After listening to the Mac Power Users episode 286: Launcher Smackdown, I decided to switch from Alfred to Launchbar 6. I used Launchbar for years then switched to Alfred for its more pleasing user-interface. To be honest I never learned the intricacies of Launchbar. Back then I used it primarily as an application launcher. Boy, was I missing out.
I downloaded Launchbar and was up and running in a few minutes. I had to remap Command-Space (in Launchbar’s Preference Menu) to invoke Launchbar (I moved Alfred to Control-Space). I also decided, if I was going to switch back, I was going to learn the power users tricks—so I downloaded Take Control of Launchbar by Kirk McElhearnI. The book was excellent. I was able to finish reading it in about an hour (experimenting with the features as I read along). Within a few minutes I put together a new customized search template for PubMed. I am using Launchbar extensively while reading, and writing scholarly information (more on this in a later posts). Launchbar 6 is loaded with features. In fact Launchbar's mantra is “1000+ features, 1 interface.” I use Launchbar to act on files, invoke Services or Keyboard Maestro scripts, collect and annotate text, and a whole lot more. I am especially enamored with one of the newer features called “actions.” Actions allow me to act on text or files copied on the mac or dropped onto the app. Using actions I can append information to a note, search Pubmed, or a whole host of other activities directly from the Launcher. Actions are improving my everyday tasks as well as my reading and writing workflows.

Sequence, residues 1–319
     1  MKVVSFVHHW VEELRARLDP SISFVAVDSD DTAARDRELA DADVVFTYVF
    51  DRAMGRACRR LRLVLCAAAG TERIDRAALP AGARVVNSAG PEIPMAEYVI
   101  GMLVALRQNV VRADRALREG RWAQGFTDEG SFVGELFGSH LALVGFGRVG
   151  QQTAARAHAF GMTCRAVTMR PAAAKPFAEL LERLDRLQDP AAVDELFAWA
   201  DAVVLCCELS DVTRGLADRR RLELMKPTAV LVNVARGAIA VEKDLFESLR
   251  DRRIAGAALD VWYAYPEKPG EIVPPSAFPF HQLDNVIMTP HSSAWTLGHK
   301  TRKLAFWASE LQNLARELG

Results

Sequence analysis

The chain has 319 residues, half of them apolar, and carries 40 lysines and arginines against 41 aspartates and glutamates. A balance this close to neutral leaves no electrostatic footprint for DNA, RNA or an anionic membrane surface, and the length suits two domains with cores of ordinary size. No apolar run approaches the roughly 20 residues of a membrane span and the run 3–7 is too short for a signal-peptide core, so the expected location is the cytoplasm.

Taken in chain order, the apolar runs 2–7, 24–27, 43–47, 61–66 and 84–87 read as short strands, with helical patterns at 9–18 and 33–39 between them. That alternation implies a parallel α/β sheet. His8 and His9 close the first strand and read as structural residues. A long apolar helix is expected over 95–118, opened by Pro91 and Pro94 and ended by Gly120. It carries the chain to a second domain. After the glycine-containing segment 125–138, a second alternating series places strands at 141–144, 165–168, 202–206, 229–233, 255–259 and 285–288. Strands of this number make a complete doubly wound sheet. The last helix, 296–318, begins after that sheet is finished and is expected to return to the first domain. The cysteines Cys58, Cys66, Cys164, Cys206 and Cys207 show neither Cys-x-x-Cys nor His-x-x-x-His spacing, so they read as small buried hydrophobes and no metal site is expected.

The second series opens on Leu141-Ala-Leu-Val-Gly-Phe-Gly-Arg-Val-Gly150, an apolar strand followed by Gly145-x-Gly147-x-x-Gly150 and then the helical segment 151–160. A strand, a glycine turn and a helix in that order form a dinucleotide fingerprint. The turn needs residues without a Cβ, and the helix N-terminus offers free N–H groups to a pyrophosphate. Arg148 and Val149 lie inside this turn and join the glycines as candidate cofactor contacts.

A tip of the hat to Katie and David for continually upping my game. Now that I’ve taken a deep dive into Launchbar 6 I know it is once again destined to become an indispensable application in my wheelhouse.